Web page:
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Antoine Greve (1796-1857)
1859 Obituary 
MR. ANTOINE GREVE was born at Herkendam, on the Meuse, on the 12th November, 1796.
He was the only son of a very estimable citizen, who filled the office of Receiver of the Direct and Indirect Taxes of the District, and who, living to the great age of ninety-two years, had the happiness of seeing the son, for whose education and advancement he had made many sacrifices, attain a well-deserved eminence in his profession, and in the estimation of the scientific world.
In early life young Greve exhibited a decided predilection for mathematical studies; and being placed under a Government Surveyor, he soon profited so well by the opportunity as to be admitted into the Corps of Surveyors.
He was then permitted to continue his studies at the College at Maestricht, and from thence he received the appointment of Engineer Surveyor, of the Second Class, in 1812, and was placed order the orders of Mr. Hoogstraten, a celebrated Engineer then executing works at the mouths of the Meuse.
In 1813 he attained the rank of First-class Surveyor ; and during a short time he was occupied with partial military duties, being attached to the Allied troops.
In 1814, he was nominated Conductor of Works under the Government, and was for a time employed in the Office of the Inspector-General ; who, estimating his talents, made every effort, for his nomination to a higher position, but for a time without success.
During this period he was employed on several very important works, such as the construction of the Maritime Works near the Helder, -the Grand Canal which unites Amsterdam with the North Sea, -the Canal of Huninhock, -the Zederik Canal, &C., the cost of which works amounted to twenty millions of florins. In these labours he displayed great fertility of expedient, and with the best results ; his reputation as an Engineer was established, and, in the year 1825, he passed his examination with great credit, and received the appointment of Engineer of Roads and Bridges.
He was then immediately intrusted, in conjunction with Mr. De Thornize, with the construction of the important Canal across the Isle of Voorne, and, in consequence of his well-known experience, the burden of the work devolved upon Mr. Greve. He here first employed the flying bridges, which were introduced by him, and with such good effect as to lead to a saving of nearly one hundred thousand florins. The total cost of the works amounted to upwards of sixteen hundred thousand florins. These works, so skilfully designed, and so successfully executed, remained under the care of Mr. Greve until his decease. They are mentioned with eulogy by Mr. Van Houten, in his work on Hydraulic Engineering, page 440.
As an Engineer of Public Works, Mr. Greve was generally on duty in the Southern Division of the kingdom of Holland, where the great rivers debouch into the sea, and where, during the winter, the combined effects of the tides and of the swelled torrents call forth all the skill and enterprise of the Engineers. Upon their care of the dykes depends, in fact, the safety of the country, as a serious rupture would inundate an entire province. Such was the case when, on the 18th of February 1841, a rupture occurred in the dyke of the river Waal, and the town of Gorinchem was threatened with entire destruction Providentially the Engineers Mentz, Beyerinck, and Greve were at their posts ; and upon the latter devolved the duty of giving the necessary instructions, which were so well conceived, and so promptly executed, under his own personal supervision, that the district was saved from that utter destruction which at one period appeared inevitable. This successful result was not attained without great personal risk, and Mr. Greve was rewarded by the general admission, that to him was due the salvation of the place, and by the consciousness of his devotion to the public service being duly estimated.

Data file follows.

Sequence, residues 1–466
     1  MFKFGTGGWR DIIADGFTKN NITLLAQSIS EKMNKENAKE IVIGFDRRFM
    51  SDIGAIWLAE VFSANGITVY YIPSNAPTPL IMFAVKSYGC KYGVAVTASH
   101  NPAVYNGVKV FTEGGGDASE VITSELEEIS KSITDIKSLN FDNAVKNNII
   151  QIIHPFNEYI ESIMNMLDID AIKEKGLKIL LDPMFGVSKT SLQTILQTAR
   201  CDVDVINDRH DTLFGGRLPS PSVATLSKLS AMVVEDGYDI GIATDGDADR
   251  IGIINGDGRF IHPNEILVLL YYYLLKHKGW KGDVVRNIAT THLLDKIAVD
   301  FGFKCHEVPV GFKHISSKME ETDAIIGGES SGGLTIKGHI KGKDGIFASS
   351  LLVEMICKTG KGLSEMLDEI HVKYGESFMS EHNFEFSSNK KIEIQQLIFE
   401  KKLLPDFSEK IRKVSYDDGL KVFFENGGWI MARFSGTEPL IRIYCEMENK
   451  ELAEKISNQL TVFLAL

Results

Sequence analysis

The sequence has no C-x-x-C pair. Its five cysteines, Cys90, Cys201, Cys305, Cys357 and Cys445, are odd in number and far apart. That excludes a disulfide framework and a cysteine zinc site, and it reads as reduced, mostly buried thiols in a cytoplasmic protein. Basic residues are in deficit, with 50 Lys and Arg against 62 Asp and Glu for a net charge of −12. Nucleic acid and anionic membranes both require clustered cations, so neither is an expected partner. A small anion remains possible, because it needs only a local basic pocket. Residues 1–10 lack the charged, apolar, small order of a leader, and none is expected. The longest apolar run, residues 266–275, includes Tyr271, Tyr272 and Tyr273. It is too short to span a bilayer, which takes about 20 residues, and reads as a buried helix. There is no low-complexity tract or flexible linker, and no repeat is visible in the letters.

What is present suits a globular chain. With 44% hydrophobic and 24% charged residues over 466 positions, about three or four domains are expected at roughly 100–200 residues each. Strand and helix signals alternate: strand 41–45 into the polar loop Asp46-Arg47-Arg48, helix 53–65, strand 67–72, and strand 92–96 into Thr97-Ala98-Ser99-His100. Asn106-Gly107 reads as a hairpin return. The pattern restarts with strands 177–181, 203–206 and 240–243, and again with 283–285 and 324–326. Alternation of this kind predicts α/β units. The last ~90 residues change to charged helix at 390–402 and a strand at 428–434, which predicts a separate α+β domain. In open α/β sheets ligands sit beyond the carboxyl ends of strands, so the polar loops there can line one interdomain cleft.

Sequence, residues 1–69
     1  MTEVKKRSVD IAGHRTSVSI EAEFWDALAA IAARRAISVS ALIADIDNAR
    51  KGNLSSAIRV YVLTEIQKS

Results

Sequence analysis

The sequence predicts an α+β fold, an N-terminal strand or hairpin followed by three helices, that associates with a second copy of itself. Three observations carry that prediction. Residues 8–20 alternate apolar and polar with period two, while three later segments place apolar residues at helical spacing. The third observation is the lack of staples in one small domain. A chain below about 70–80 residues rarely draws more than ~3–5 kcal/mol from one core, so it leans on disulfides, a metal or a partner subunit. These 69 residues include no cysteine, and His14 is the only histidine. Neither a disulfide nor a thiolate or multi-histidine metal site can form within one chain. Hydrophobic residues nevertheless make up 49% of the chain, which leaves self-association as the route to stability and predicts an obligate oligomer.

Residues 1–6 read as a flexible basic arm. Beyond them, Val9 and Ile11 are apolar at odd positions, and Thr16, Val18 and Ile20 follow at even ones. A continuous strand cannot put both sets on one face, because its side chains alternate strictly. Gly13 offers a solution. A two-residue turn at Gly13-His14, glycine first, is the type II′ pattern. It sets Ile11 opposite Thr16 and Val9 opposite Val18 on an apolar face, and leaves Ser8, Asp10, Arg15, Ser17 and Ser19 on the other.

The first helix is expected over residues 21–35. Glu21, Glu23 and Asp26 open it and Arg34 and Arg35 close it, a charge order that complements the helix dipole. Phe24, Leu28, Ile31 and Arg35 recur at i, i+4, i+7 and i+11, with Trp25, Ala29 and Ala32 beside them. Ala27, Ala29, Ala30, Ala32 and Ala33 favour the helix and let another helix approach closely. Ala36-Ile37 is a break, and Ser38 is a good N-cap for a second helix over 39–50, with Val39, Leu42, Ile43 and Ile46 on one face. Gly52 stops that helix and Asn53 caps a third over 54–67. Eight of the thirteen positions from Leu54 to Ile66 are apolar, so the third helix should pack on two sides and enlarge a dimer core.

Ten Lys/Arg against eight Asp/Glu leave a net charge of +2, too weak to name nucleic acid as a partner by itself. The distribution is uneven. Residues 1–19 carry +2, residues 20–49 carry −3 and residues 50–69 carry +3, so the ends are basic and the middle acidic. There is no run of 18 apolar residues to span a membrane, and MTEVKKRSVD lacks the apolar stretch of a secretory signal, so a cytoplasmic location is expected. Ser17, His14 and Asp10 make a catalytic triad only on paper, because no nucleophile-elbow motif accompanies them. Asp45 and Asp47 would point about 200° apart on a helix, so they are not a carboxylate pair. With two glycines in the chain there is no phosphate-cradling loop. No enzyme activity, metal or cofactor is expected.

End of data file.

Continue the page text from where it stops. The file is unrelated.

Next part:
In 1834, he was raised to the position of Engineer of the First Class; in 1852, he attained the position of Engineer-in-Chief of the Second Class of the Southern Provinces; and in 1854, he became an Engineer-in-Chief of the First Class. His services had already, in 1849, been recognized by the King bestowing upon him the Order of the Lion of the Netherlands. Twice he, also, received from the Batavian Philosophic Society, gold medals and premiums for Scientific Contributions.
Any detailed list of the works upon which Mr. Greve was engaged would be beyond the limits of this slight Memoir ; but among his labours the peat amelioration to the locks of the Mollegatslius, near Gouda, must not. be forgotten : their utility and their solidity would render them remarkable works in any country.
Mr. Greve was connected with many scientific Societies, but the Institutions of Royal Engineers, of Holland and of the Civil Engineers, of England, of which latter he was elected a Member in 1843, were those to which he was most attached, although he duly appreciated the distinction of being made an Honorary Member of the Batavian Philosophic Society.
He was a Member of the Town Council of the Hague, and in that capacity he took an active part in the works of improvement and embellishment of the town ; and projected several important ameliorations in the Canals, the Roads, and the Public Buildings.
A short illness of only eight days terminated the active and useful career of Mr. Greve, on the 15th of December, 1857, at the age of sixty-one, affectionately attended by his family, and deeply regretted by his professional colleagues at home and abroad, by whom his rare talents and goodness were universally appreciated.